How do you think about attracting and retaining the next generation of employees when graduates don’t necessarily want to work for extractive industries?
The culture—what we stand for, the entrepreneurial nature of our business, the decentralized nature of it—is a very powerful proposition. Everyone has the space to make a difference at Weir, individually and in teams.
But also, we’re at the start of a journey. Disruptive technologies will be brought to bear in
our markets, whether mining or oil and gas. Our customers are facing great sustainability challenges and, rather than be part of a historic legacy, we’re pushing Weir to be part of the answer. Our customers are going to have to use less energy, less water, reduce emissions and think deeply about their impact on the societies and communities they operate in. That’s going to require innovative engineering and Weir is part of the solution.
We’re engineers. We solve problems. A lot of what we have done historically has been around mechanical, hydraulic and material science-type technologies. Now, we have to go through digitization to improve performance, extend product life and drive predictive maintenance. For that, we have to embrace big data, artificial intelligence, the internet of things. That’s a one-way street.
It’s a massive opportunity. But it’s also a threat to our business that we have to manage well. If we don’t, we’re at the risk of being disintermediated by others who will try to get in between ourselves and the customers, which will ultimately dilute value. That means we need to attract people with capabilities that we don’t necessarily have today, such as software engineers, data scientists and electronic engineers.
I’ve actually been delighted with the way we’ve attracted some of this new talent into the organization. People at our competitors look at Weir and say, “That’s a place I’d like to work in the future.” When I speak to Geetha [Dabir], our Chief Technology Officer, she tells me that we’re competing against Apple and Amazon for this talent and people are coming to Weir because what we’re doing is cool. We’re solving modern problems, taking this mechanical engineering business to be something that’s different in the future.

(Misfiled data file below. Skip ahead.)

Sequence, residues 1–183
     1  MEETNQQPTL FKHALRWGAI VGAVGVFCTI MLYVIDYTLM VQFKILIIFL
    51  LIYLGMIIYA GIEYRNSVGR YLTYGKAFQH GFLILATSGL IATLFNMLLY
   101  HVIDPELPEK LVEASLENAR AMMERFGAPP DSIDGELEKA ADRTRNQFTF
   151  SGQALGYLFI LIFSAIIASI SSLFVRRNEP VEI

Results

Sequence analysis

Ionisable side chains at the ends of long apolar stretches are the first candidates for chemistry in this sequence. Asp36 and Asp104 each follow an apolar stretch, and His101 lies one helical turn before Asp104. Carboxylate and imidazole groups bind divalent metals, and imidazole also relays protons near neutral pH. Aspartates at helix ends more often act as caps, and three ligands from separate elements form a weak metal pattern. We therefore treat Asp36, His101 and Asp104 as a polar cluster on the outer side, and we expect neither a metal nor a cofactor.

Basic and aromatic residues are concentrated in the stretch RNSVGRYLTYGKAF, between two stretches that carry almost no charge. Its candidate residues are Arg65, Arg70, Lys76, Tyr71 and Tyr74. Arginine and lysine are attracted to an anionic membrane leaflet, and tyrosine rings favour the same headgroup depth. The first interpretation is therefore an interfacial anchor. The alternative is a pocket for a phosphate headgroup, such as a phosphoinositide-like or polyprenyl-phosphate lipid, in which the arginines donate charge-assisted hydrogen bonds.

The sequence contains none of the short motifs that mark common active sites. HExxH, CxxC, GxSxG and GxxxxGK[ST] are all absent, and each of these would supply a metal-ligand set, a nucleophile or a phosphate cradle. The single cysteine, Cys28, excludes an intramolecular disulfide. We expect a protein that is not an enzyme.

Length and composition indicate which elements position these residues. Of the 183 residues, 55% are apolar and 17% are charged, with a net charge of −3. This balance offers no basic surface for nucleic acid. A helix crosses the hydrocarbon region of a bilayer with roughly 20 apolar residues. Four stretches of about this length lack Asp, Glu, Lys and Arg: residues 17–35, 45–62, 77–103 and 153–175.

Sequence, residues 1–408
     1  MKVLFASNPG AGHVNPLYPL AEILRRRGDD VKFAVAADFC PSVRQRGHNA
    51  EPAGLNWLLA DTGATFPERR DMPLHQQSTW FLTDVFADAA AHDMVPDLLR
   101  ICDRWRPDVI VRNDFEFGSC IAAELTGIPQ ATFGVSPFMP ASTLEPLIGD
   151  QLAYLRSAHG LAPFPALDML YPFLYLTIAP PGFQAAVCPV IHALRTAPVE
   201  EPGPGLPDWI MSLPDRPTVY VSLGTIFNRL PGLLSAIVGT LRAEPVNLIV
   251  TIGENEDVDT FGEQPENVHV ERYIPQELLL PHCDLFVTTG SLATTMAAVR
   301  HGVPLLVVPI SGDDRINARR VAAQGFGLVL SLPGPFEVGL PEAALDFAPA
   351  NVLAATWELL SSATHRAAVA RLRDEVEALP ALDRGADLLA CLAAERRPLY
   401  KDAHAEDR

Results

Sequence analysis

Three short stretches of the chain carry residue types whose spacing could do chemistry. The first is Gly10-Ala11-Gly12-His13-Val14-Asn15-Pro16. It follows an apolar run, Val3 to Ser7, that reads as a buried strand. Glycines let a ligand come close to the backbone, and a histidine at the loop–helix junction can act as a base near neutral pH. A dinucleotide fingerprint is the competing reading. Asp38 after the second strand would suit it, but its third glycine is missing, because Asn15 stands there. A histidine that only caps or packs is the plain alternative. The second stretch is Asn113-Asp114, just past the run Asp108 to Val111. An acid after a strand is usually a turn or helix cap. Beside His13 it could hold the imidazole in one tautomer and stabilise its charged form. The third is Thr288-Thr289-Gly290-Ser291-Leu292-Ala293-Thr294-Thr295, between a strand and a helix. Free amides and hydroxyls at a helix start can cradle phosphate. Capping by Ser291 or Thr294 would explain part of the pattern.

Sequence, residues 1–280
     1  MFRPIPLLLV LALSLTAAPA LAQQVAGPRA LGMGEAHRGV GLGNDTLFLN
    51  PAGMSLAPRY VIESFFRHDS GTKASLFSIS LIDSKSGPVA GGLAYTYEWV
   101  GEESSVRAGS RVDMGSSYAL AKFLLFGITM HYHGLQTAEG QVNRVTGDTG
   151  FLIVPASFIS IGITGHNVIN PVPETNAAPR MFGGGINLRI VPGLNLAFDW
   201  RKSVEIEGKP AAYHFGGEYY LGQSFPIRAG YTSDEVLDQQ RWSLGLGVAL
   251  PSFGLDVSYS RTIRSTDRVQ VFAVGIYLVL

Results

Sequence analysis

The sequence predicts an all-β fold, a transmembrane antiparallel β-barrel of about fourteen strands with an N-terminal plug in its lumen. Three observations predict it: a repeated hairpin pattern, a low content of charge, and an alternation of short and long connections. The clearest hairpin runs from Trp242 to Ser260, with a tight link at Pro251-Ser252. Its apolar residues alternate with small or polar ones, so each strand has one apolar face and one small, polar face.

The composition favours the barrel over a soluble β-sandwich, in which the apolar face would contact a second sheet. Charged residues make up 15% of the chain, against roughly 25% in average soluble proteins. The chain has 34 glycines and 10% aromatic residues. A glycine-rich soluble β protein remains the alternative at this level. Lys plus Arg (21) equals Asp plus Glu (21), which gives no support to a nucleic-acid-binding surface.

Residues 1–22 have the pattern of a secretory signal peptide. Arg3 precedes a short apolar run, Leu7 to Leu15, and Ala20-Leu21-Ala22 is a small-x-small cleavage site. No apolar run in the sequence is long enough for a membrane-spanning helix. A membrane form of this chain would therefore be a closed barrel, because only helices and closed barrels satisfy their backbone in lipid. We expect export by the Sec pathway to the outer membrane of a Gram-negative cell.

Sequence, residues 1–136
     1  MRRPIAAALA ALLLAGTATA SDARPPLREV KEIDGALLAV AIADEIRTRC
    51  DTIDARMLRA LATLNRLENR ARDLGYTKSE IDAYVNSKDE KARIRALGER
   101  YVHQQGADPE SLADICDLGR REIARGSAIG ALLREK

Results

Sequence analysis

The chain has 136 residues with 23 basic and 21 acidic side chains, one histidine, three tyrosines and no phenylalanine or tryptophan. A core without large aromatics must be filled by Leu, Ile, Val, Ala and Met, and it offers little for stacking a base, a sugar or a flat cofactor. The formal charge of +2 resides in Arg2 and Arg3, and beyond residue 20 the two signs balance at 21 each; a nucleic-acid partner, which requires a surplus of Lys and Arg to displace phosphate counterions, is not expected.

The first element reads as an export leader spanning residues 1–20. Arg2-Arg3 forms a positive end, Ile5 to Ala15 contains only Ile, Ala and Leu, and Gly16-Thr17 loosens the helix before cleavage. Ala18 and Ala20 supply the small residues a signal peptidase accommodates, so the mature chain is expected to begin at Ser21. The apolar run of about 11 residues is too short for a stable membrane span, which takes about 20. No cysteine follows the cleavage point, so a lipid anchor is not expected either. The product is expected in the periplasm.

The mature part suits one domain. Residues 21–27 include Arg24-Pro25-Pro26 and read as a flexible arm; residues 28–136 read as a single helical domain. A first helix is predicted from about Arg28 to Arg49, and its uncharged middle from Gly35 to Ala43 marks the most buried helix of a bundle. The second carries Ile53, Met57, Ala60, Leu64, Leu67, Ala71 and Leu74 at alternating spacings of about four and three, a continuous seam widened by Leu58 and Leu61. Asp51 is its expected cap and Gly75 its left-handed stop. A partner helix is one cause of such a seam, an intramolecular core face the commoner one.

On technology, how are you helping miners address those challenges?
Historically, what we’ve done is incrementally improve our products so that they become more efficient, increasing wear life and so on. That’s important because we have a global customer base, so even a small improvement can result in significant savings. But we’re also now trying to balance that incremental development with the transformational or disruptive ideas. We’re balancing our technology spend between those two areas—incremental developments, bigger-picture challenges.
In Minerals, for example, we’ve been working hard on high-pressure grinding rollers, or HPGRs. It’s a technology that can replace traditional grinding mills in many applications. Compared to legacy processes like SAG [semi-autogenous grinding] mills, HPGRs can reduce energy consumption by something like 25 percent. That’s a huge step change, especially if you think that around 4 percent of the world’s electricity is used to crush and grind rocks.
In Oil & Gas, North American shale is at an important moment. We’re re-imagining what the frack site of the future will look like, with fewer pumps, a lower footprint, different drive systems. With electrification, for example, drillers will be able to significantly reduce their emissions to execute the same job without having to truck in thousands of liters of diesel.